Philip Falcone’s LightSquared Inc. wireless service would have “ruinous effects” on aviation because of signal interference and its plan for a nationwide data network should be withdrawn, an airline trade group said.
“This matter needs to be put to rest,” Thomas Hendricks, senior vice president at Airlines for America, said today in written testimony submitted for a U.S. House hearing.
LightSquared has sought final FCC clearance for its network since late 2010 against opposition from makers and users of global-positioning system devices including airlines that say the service would disrupt navigation gear in cars, tractors and planes in the U.S.
Signals from the proposed service disrupt many GPS receivers and no practical solution exists to let Reston, Virginia-based LightSquared operate soon, U.S. officials said Jan. 13 after nine months of tests.
LightSquared says GPS device makers should have planned to accommodate its use of airwaves near those occupied by navigation equipment. The company, which plans a wholesale high-speed data service covering 260 million people, said the airline group relies too much on information supplied by makers of GPS equipment.
“Their information is provided by the GPS industry,” Terry Neal, a LightSquared spokesman, said in an interview. “It would not be surprising since the government relied on the GPS industry to devise the tests and conduct them in secret using a standard that does not reflect real-life conditions.”
Asked whether LightSquared would withdraw its application, Neal replied: “That’s absurd.”
Members of the Washington-based Airlines for America, formerly known as the Air Transport Association, include Delta Air Lines Inc., Southwest Airlines Co., AMR Corp.’s American Airlines, US Airways Group Inc. and United Continental Holdings Inc., parent of United Airlines.
Today’s hearing was called by the Subcommittee on Aviation of the House Committee on Transportation and Infrastructure.
LightSquared’s request to testify was denied, and it was unfair to have “only one point of view represented,” Lew Phelps, a spokesman for Falcone’s Harbinger Capital Partners, said in an e-mail.
LightSquared has testified before the panel before and “if they’d like to testify again we’d be happy to see if we can arrange an appropriate forum,” Representative Thomas Petri, the Wisconsin Republican who chairs the subcommittee, said in an interview. The assertion of unfairness is “their opinion,” Petri said. “It’s not mine.”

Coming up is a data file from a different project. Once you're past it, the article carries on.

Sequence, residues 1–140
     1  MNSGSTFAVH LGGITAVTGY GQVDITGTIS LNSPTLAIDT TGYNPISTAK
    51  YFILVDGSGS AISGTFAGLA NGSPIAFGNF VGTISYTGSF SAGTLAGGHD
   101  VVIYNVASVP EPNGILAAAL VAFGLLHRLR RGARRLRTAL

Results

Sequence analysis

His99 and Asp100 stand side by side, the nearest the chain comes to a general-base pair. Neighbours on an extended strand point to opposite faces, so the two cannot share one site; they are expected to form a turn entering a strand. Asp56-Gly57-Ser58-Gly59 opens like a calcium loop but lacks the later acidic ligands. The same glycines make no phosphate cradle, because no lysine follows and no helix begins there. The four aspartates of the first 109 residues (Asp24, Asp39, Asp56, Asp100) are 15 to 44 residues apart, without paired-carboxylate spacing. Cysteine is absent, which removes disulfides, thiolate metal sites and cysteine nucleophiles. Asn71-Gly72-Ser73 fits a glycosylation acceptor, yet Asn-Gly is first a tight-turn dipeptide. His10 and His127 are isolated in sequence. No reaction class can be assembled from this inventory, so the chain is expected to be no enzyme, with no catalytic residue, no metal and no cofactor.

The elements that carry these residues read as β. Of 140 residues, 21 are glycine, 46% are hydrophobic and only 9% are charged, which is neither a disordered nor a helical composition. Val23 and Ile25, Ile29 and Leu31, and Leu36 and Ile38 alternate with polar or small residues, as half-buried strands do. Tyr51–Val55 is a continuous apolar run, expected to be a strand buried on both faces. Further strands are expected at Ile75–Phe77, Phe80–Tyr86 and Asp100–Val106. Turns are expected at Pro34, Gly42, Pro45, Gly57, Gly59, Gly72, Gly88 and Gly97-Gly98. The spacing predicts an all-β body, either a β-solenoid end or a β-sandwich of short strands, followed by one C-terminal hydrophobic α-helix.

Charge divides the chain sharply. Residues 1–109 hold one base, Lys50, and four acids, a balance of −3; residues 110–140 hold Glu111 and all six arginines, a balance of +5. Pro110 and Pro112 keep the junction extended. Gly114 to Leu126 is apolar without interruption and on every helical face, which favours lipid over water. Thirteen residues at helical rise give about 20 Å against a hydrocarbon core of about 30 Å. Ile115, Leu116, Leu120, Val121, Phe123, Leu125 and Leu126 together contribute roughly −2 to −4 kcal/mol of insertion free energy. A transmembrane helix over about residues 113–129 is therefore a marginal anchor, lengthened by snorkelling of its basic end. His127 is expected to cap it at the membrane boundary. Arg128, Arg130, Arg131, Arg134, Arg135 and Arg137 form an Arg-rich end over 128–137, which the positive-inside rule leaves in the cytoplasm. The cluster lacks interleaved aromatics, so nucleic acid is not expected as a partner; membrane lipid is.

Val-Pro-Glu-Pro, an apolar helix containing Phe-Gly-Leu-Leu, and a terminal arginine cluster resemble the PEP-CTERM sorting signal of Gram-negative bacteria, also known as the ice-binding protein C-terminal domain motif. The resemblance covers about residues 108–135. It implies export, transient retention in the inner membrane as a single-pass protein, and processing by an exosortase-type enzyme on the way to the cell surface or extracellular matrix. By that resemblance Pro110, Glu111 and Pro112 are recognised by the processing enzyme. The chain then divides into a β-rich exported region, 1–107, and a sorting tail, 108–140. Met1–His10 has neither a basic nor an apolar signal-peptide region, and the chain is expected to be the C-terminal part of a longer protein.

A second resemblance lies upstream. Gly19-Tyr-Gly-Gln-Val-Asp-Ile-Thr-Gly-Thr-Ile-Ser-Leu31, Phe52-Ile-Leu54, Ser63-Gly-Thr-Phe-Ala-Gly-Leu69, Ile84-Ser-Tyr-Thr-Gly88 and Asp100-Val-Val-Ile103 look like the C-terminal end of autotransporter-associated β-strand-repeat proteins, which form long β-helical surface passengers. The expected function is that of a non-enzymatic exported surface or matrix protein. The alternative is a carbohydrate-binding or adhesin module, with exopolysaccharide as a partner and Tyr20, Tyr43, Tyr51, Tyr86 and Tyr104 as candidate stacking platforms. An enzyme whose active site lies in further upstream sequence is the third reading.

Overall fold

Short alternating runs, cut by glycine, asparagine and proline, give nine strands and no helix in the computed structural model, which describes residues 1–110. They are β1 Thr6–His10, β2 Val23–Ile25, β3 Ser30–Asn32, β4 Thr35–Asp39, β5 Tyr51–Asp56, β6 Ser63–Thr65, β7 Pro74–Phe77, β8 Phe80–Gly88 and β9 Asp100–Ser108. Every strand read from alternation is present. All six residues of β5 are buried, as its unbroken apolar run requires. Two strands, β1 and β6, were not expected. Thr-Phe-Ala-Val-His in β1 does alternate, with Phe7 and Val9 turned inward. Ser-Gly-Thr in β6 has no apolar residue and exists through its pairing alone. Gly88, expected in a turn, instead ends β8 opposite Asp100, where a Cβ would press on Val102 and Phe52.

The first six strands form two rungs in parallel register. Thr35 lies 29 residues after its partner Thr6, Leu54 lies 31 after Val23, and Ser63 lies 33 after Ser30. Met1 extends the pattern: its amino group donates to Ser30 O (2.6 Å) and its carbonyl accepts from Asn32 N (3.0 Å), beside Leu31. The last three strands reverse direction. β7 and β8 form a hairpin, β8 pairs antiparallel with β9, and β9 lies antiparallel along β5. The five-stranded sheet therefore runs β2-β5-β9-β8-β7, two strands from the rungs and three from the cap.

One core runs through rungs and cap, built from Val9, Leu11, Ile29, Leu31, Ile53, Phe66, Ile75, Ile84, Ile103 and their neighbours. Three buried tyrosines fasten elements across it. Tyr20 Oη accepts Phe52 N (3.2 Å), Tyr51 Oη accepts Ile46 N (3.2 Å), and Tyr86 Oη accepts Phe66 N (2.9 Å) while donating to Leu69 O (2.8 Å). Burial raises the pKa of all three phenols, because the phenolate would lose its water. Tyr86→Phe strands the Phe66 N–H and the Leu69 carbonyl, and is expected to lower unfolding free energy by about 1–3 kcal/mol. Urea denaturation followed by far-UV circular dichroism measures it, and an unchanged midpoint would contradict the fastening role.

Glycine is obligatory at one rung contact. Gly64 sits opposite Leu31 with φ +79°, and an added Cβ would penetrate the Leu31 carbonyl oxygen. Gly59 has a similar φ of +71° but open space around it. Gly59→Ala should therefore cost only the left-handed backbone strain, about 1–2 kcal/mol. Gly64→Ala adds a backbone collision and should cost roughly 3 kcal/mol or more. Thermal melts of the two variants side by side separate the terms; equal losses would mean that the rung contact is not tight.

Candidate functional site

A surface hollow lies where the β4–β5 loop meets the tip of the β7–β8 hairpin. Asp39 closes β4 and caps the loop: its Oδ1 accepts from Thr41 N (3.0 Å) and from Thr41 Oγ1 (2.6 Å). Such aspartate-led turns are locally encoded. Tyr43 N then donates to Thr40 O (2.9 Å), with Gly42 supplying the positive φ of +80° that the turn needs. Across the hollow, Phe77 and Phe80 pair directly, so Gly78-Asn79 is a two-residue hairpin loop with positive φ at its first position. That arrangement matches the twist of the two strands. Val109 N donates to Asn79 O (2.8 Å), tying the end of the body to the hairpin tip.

Harbinger Capital has been forced to write down the value of its $3 billion investment in LightSquared.
LightSquared has offered technical solutions to solve the interference with aviation receivers, Jeffrey Carlisle, an executive vice president with the company, said in an interview.
The company’s proposed solutions don’t answer “fundamental questions of incompatibility,” John Porcari, a deputy secretary at the Transportation Department, said in an interview today.
Two independent laboratories reviewed and confirmed U.S. tests of LightSquared that cost the government more than $2 million, Porcari said in testimony.
“The results, especially with precision safety flight avionics that we use in aircraft, are unacceptable,” he said.
The hearing was called to review issues arising as U.S. aviation transitions to rely on GPS signals for navigation.
Representative Blake Farenthold, a Texas Republican, said he was “troubled” that a ground-based network such as the one LightSquared plans has the potential for interfering with GPS.
“It seems to me we’re creating a vulnerable system,” Farenthold said.
Tests of a GPS-based landing system at Newark Liberty International Airport in 2010 demonstrated that the weak satellite signal can be knocked out by interference, according to a committee briefing paper prepared for the hearing.
The landing system, which guided planes to the runway with GPS navigation instead of the radio beams typically used at airports, experienced intermittent failures during tests, the report said.
An investigation revealed that a truck driver who had been using a jamming device to disable a GPS locator on his company’s truck had been driving past the airport on the New Jersey Turnpike. The Federal Communications Commission filed an enforcement case against the driver, according to the committee. Radio jamming devices are illegal under U.S. law.
“However, such devices are available and risk both intentional and unintentional consequences of GPS operations,” the report said.